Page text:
Platinum: Floral Mountings; PGI at India International Jewellery Week

Trend-Spotting: ­Floral Mountings

When summer’s blooms start to fade, the beauty of your favorite flowers can live on in platinum floral-motif bridal mountings. They last a lot longer than the fresh-cut variety—and no watering necessary!

Platinum Flora mounting with 0.65 ct. t.w. bezel-set diamond accents; $4,200; Mark Schneider Design, Long Beach, Calif.; 800-452-5804;

A platinum mounting from the Dahlia collection with 0.56 ct. t.w. diamonds; $4,785; Kirk Kara, Los Angeles; 800-874-0181;


Seeing World Gold Council officials at a jewelry show in India doesn’t raise eyebrows, but imagine attendees’ surprise seeing the Platinum Guild International’s chief executive officer, James Courage, in the front row at the country’s first-ever jewelry week—the India International Jewelry Week—in August.

While in Mumbai, James Courage (center) also dropped by a WJA event.

Courage was in Mumbai to watch a steady stream of Indian models burn up the catwalk in high-fashion, high-priced, and mainly high-karat gold Indian jewelry for inspiration—and opportunity. His presence, plus his group’s sponsorship, suggests that PGI aims to make the white metal a bigger draw for Indian designers.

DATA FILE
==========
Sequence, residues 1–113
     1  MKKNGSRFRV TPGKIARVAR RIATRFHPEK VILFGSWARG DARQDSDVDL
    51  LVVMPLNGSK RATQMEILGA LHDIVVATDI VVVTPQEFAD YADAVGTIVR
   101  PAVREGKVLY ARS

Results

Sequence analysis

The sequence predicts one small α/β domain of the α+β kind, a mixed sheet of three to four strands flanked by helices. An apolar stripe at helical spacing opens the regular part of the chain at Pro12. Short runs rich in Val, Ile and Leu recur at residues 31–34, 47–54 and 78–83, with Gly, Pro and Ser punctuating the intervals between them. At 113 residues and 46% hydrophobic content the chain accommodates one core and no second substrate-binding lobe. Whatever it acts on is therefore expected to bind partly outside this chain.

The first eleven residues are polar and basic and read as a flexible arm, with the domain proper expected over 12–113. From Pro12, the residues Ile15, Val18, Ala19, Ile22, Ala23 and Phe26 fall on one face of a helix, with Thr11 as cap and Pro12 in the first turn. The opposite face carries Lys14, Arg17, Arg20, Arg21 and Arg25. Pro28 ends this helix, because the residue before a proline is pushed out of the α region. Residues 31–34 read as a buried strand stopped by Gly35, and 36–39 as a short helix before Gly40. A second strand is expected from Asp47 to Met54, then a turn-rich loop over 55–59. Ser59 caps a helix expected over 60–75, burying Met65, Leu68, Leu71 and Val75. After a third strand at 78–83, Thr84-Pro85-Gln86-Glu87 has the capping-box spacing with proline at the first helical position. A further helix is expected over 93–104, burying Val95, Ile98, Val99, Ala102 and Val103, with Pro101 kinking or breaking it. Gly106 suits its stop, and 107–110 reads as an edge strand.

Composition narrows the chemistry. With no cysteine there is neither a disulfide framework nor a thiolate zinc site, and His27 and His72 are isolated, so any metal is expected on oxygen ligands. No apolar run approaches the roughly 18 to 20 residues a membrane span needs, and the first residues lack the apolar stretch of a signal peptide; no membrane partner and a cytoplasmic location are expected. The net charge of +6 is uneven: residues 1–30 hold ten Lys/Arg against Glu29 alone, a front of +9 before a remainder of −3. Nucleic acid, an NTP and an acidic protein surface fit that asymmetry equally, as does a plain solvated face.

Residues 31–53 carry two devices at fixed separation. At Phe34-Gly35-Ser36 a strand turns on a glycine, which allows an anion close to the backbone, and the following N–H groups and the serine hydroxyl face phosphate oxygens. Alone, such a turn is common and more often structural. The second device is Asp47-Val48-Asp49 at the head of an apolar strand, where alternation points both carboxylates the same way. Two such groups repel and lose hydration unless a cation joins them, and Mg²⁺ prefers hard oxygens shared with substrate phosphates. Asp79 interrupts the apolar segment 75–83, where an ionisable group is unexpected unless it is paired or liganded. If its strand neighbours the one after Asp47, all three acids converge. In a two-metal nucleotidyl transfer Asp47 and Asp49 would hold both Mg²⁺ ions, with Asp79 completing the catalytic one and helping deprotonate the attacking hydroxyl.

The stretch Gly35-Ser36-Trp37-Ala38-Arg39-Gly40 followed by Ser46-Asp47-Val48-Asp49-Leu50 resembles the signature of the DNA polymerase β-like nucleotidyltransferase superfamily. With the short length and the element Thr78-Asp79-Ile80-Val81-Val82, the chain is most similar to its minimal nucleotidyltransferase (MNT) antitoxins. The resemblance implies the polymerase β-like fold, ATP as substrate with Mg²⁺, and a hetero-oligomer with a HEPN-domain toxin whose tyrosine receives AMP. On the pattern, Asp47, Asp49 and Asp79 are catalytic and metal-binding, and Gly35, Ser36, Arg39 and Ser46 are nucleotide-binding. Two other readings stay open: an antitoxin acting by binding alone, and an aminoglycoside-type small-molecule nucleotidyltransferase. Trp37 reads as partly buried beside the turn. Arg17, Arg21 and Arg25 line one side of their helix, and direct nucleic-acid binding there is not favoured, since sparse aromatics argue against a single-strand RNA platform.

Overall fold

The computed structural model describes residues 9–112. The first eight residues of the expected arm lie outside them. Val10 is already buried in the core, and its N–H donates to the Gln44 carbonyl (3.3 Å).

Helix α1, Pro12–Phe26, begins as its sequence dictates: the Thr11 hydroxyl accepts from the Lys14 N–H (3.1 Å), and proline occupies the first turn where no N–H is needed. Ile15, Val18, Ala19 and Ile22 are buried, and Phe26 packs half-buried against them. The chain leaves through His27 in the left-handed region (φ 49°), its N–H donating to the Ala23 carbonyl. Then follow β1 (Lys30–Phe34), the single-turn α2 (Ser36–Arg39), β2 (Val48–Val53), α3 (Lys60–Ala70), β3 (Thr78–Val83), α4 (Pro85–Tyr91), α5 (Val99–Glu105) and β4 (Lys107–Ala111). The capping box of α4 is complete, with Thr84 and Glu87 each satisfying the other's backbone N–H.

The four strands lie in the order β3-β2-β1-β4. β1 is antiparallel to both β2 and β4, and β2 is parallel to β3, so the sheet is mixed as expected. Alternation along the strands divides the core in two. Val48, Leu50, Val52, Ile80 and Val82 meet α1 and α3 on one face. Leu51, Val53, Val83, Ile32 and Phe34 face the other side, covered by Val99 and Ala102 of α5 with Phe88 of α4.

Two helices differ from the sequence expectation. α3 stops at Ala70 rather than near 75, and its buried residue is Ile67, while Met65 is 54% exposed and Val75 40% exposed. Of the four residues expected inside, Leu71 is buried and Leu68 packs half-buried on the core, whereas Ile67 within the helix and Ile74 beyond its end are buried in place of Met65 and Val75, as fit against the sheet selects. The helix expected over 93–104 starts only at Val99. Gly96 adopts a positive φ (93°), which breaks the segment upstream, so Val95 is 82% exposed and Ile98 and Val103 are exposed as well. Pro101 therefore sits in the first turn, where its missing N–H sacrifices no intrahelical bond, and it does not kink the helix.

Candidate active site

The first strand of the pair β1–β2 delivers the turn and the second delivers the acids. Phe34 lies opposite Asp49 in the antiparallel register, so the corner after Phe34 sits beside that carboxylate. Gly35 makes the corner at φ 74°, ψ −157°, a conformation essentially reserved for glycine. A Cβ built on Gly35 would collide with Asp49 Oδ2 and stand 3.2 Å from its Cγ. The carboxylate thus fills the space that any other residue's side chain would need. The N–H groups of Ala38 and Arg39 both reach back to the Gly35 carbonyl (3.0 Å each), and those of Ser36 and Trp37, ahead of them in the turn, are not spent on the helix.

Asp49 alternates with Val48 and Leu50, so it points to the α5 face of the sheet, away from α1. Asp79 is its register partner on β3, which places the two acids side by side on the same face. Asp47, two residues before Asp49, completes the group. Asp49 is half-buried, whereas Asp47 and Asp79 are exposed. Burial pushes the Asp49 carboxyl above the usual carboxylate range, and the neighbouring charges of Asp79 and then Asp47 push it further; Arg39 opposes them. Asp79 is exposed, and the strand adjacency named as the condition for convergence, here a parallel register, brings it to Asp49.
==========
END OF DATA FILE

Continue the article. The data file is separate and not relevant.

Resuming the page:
“We’ve been involved with development of the platinum market here in India for the past 10 years,” he says. Part of PGI’s plan in the country that purchases more gold than any other nation is to encourage high design and increase visibility for platinum ­jewelry. The potential for platinum in India is “very exciting,” says Courage.

India’s platinum consumption is poised for growth for many reasons, namely India’s expanding GDP—8.6 percent growth to date in 2010, according to economists—and ­jewelry’s place at the heart of the culture. Unlike in the U.S., however, Indian consumers don’t think of platinum when they’re about to marry (many marriages in India are arranged), but after the wedding—“a month or a year or two years later, when they fall in love. That day is their platinum day of love,” says Courage.

“We are taking an understanding of the culture and adding platinum into it…in a way that is very familiar,” he says. “This market is so big—we’re talking 700 tons of gold used annually—that if platinum gets 1 to 2 percent of that…that’s what we are looking for. We are not looking to compete with anyone, we are looking to offer choice.”

PGI is also strengthening educational initiatives to build the platinum male and female self-purchaser markets. One example: diamond stud earrings—a staple among U.S. consumers—but less common in India.

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